Day Two:

Today was our first day at Magic Kingdom. I was able to get away for some birding today as long as I got back to the park around noon.

The plan was stop first at Orlando Wetlands Park (about 50 minutes east of Disney). Orlando Wetlands Park is water treatment wetland that is owned by the City of Orlando for some reason despite being quite a ways outside the city. The site is managed with wildlife in mind and the accessible trails make this a somewhat well-known birding site.

On the drive there, I had to stop for a pair of Crested Caracaras in the road. This was very cool, and I was surprised this species wasn't very skittish. I was able to take photos from the car stopped right next to the birds and they didn't seem concerned. In fact, that was true of basically all birds except ground-doves on this trip. I think only scared birds by approaching them a total of three times on this entire trip, and two of those were ground-doves.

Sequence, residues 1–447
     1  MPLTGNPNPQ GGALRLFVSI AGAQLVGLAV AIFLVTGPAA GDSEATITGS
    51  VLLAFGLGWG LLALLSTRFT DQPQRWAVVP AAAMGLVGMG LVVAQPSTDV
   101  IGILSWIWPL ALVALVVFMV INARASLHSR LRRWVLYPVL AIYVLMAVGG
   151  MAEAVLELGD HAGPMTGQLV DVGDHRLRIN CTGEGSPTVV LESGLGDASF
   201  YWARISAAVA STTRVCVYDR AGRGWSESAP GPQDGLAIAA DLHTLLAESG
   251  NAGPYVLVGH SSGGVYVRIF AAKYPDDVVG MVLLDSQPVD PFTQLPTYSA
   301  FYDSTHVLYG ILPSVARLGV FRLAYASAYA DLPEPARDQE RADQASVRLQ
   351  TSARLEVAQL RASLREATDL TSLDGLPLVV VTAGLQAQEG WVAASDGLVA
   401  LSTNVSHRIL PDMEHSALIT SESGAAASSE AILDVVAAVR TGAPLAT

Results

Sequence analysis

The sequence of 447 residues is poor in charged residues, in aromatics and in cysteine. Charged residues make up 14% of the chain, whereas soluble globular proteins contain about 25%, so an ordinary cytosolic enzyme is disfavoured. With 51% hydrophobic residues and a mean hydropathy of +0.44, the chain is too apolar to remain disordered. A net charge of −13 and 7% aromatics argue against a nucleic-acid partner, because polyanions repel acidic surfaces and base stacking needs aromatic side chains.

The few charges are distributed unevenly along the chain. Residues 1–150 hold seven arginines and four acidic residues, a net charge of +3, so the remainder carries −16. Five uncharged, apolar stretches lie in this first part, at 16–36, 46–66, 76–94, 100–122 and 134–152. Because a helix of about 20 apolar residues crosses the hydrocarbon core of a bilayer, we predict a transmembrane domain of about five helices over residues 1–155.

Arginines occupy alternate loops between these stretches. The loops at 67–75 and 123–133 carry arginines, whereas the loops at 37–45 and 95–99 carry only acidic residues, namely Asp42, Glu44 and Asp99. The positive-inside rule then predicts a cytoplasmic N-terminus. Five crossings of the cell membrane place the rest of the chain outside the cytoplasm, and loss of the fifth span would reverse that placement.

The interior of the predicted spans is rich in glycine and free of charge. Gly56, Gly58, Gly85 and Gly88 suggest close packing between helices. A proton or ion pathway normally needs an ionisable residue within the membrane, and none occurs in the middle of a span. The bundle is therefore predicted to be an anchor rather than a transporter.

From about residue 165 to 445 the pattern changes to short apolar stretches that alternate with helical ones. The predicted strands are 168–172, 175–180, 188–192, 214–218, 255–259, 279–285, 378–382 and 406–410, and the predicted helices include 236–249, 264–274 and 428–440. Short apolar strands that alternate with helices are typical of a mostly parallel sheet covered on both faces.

I knew Orlando Wetlands Park was a good place when the first person I run into was a birder from Thailand. In fact, there were lots of birders here who were able to help me find a variety of birds. The property is quite extensive and I did have limited time, so I ended up walking the 2.5 mile Birding Loop, which is a trail across some marsh dikes. The birding was great here. Wading birds were extremely abundant, with literally hundreds of Great Blue Herons and Great Egrets (as well as Black-bellied Whistling-Ducks, Common Gallinules, and American Alligators). Also fairly common here were Limpkin, Purple Gallinule, Little Blue Heron, Tricolored Heron, Cattle Egret, Green Heron, Anhinga, and White Ibis. Looking a little closer among the reeds I was also able to spot Black-crowned Night-Heron and Least Bittern. It's a good idea to keep your eyes on the sky here as well, as I had flyovers of Roseate Spoonbill, Blue-winged Teal, Black Vulture, and Red-shouldered Hawk. One extremely interesting thing here is the Purple Martins which nest in natural cavities in palm trees. This is the only colony left east of the Rocky Mountains to not nest in man-made boxes. Back in the forest at the parking lot, I heard a few forest species such as Common Ground Dove, White-eyed Vireo, Northern Parula, Blue-gray Gnatcatcher, Carolina Wren, and saw my only Ruby-throated Hummingbird of the trip.